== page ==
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Cyberbullying victims at high risk for depression

The new finding is in contrast to earlier studies of traditional bullying, which found that the highest depression rates were reported by another category of youth involved in bullying – bully victims (those who both bully others and are bullied themselves). Past studies on traditional bullying show that bully-victims are more likely to report feelings of depression than are other groups.

Traditional forms of bullying involve physical violence, verbal taunts or social exclusion. Cyberbullying, or electronic aggression, involves aggressive behaviors communicated over a computer or a cell phone.

“Notably, cyber victims reported higher depression than cyberbullies or bully-victims, which was not found in any other form of bullying,” the study authors wrote in the Journal of Adolescent Health. “…unlike traditional bullying which usually involves a face-to-face confrontation, cyber victims may not see or identify their harasser; as such, cyber victims may be more likely to feel isolated, dehumanized or helpless at the time of the attack.”

In a study published last year, study authors reported that the prevalence of bullying is high, with 20.8 percent of U.S. adolescents in school having been bullied physically at least once in the last two months, 53.6 percent having been bullied verbally, 51.4 percent bullied socially (excluded or ostracized), and 13.6 percent having been bullied electronically. Being bullied interferes with scholastic achievement, development of social skills and general feelings of well being.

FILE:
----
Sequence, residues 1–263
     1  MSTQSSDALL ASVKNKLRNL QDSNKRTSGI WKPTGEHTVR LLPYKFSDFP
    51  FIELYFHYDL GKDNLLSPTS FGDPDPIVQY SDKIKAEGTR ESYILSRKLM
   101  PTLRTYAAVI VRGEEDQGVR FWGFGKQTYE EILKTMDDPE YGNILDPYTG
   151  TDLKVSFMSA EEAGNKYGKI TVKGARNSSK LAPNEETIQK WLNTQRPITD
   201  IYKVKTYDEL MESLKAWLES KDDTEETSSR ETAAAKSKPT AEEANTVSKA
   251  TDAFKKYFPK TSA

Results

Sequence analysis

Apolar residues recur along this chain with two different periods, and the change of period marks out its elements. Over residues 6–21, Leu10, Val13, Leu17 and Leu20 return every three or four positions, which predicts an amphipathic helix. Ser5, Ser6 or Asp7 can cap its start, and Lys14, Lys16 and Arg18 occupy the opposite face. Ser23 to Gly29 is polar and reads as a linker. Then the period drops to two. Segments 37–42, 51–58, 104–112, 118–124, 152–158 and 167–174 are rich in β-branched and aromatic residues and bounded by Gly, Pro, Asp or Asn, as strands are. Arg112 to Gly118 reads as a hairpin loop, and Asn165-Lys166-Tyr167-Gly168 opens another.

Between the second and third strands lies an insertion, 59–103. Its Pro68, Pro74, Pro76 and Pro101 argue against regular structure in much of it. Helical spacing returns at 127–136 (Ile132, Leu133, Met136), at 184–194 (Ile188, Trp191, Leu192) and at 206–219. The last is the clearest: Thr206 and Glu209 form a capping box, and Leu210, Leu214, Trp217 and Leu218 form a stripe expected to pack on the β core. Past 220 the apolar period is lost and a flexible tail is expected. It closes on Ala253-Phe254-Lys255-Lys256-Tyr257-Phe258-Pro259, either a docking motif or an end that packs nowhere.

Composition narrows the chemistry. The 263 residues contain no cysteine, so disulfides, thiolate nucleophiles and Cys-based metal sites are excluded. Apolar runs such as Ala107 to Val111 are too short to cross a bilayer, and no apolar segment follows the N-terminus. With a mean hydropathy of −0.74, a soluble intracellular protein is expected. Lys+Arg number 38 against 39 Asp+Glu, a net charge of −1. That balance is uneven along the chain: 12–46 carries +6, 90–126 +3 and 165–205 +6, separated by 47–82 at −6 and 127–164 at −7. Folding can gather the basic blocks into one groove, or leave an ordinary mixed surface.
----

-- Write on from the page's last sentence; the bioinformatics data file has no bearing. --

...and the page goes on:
One of the study authors noted that, in an earlier study, it was found that students were less likely to bully or to be victimized if they felt they had strong parental support - feeling that their parents helped them as much as they needed, were loving, understood their problems and worries, and helped them to feel better when they were upset.

The U.S. Health Resources and Services Administration advises parents to encourage children to tell them immediately if they are victims of cyberbullying or other troublesome online behaviors. The agency has a number of steps that parents can take to help prevent cyberbullying and how to respond to it at www.stopbullying.gov/parents. The site also includes extensive information on preventing and dealing with traditional forms of bullying. The Center for Disease Control also provides information on electronic aggression for parents and educators at www.cdc.gov/ViolencePrevention/youthviolence/electronic aggression/index.html.

Written by: National Institures of Health, NIH News
Posted: Nov 30, 2011 by Lisa Callaham

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